Response of vegetation pattern to different landform and water-table depth in Hailiutu River basin, Northwestern China

Research paper by X. M. Jin, R. H. Guo, Q. Zhang, Y. X. Zhou, D. R. Zhang, Z. Yang

Indexed on: 07 Nov '13Published on: 07 Nov '13Published in: Environmental Geology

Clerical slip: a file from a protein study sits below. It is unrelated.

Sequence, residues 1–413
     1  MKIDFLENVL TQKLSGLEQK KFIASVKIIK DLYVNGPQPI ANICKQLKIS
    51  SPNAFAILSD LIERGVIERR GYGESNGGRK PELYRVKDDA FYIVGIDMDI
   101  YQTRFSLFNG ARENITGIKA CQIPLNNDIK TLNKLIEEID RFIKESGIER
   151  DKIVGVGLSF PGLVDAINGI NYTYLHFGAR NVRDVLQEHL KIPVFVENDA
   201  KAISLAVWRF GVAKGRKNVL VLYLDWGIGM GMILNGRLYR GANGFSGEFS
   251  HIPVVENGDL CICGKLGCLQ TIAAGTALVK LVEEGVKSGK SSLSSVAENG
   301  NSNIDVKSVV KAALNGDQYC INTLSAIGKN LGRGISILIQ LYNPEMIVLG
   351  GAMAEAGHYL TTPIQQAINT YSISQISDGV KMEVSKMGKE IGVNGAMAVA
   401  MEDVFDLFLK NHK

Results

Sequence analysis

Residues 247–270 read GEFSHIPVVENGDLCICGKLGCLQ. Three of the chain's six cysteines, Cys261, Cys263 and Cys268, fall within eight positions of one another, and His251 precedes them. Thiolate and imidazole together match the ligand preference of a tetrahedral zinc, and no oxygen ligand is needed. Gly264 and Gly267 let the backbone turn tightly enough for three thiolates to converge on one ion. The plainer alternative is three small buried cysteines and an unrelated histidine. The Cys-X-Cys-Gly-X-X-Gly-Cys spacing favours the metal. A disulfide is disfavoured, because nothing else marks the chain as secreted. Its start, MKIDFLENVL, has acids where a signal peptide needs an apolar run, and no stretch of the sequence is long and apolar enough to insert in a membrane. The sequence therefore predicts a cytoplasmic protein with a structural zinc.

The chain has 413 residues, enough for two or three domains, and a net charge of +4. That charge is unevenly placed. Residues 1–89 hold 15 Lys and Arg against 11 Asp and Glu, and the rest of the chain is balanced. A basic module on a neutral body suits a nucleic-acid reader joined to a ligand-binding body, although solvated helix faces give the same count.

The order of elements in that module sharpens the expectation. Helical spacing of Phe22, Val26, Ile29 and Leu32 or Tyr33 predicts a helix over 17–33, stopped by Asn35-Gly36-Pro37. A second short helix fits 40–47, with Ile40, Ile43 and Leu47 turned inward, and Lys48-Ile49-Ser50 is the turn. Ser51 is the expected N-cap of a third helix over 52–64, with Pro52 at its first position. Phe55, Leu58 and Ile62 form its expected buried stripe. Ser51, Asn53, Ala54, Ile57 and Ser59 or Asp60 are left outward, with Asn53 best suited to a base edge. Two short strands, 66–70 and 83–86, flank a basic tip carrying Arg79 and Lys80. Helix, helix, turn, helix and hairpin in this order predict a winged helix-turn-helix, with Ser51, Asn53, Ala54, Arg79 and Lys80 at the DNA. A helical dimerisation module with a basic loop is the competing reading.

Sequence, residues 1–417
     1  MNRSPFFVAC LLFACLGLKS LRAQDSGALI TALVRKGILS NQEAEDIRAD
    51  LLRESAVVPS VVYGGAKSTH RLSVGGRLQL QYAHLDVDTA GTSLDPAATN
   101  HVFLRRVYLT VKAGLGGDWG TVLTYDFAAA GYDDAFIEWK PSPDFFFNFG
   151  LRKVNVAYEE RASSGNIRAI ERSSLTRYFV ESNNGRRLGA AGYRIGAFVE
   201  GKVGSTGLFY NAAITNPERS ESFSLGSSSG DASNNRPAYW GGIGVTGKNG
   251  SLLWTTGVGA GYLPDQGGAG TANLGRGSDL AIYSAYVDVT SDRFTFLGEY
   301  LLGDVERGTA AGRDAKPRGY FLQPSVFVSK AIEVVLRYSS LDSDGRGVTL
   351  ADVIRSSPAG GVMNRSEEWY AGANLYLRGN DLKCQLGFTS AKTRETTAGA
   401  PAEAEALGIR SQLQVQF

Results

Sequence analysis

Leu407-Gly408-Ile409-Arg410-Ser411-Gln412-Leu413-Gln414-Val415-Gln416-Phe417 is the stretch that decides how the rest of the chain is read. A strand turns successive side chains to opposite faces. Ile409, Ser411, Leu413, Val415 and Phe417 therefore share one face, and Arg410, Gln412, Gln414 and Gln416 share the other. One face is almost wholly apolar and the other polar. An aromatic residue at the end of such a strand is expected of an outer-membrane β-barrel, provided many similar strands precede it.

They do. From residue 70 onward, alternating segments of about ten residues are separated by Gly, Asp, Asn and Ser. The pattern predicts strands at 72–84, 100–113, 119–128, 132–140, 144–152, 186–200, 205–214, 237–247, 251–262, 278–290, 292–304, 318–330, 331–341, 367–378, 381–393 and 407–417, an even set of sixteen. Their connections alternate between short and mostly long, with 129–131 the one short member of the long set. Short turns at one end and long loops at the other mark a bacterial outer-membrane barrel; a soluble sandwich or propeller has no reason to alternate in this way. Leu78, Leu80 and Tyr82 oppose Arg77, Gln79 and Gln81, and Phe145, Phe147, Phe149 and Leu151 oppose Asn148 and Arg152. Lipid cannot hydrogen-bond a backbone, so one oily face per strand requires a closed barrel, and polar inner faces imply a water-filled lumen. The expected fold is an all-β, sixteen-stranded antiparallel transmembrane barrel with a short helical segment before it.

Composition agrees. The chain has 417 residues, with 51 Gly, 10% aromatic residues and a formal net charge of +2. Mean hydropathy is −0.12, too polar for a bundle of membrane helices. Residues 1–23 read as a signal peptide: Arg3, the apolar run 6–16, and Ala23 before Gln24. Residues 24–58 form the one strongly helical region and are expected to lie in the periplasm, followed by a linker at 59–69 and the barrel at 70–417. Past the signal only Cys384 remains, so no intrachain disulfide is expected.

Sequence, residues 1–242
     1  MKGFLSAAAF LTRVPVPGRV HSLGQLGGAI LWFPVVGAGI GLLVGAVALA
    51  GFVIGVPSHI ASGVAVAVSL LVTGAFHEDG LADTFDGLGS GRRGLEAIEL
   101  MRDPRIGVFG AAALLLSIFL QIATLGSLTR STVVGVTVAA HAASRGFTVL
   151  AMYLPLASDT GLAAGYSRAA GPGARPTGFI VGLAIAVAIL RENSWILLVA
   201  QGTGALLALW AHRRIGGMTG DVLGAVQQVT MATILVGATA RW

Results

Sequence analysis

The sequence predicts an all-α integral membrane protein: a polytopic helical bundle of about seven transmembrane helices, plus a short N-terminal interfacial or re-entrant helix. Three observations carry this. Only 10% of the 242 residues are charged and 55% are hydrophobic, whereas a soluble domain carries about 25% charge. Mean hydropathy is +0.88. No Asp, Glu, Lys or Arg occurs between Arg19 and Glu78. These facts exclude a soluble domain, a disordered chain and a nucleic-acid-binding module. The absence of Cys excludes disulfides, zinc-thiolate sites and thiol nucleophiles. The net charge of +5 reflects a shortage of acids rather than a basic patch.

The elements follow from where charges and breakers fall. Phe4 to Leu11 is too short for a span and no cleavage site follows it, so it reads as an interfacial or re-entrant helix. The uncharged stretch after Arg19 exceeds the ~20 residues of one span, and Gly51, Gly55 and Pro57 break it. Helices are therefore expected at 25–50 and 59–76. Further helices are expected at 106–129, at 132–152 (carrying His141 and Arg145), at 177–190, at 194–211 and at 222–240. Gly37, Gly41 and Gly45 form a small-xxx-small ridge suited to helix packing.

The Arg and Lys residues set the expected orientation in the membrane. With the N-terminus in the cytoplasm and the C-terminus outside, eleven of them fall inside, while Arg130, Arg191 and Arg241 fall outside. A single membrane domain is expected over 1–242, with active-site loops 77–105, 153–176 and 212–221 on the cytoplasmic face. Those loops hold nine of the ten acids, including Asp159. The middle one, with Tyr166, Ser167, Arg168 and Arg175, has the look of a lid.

The spatial distribution of vegetation pattern and vegetation cover fraction (VCF) was quantified with remote sensing data in the Hailiutu River basin, a semiarid area in North China. The moderate resolution imaging spectroradiometer normalized different vegetation index (NDVI) values for 4 years from 2008 to 2011 and field observation data were used to assess the impact of climate factors, landform and depth to water table on vegetation distribution at large scale. In the VCF map, 74 % of the study area is covered with low and low–medium density vegetation, 24 % of the catchment is occupied by medium–high and high-density vegetation, and 2 % of area is bare soil. The relationship between NDVI and climate factors indicated that NDVI is correlated with relative humidity and precipitation. In the river catchment, NDVI increases gradually from landform of sand dune, eolian sand soil to river valley; 92.4 % of low NDVI from 0.15 to 0.3 is mostly distributed in sand dunes and the vegetation type is shrubs. Crops, shrubs and some dry willows dominate in eolian sand soil and 82.5 % of the NDVI varies between 0.2 and 0.35. In the river valley, 70.4 % of NDVI ranges between 0.25 and 0.4, and grass, dry willow and some crops are the main plants. Shrubs development of Korshinsk peashrub and Salix psammophila are dependent on groundwater by analyzing NDVI response to groundwater depth. However, NDVI of Artemisia desertorum had little sensitivity to groundwater.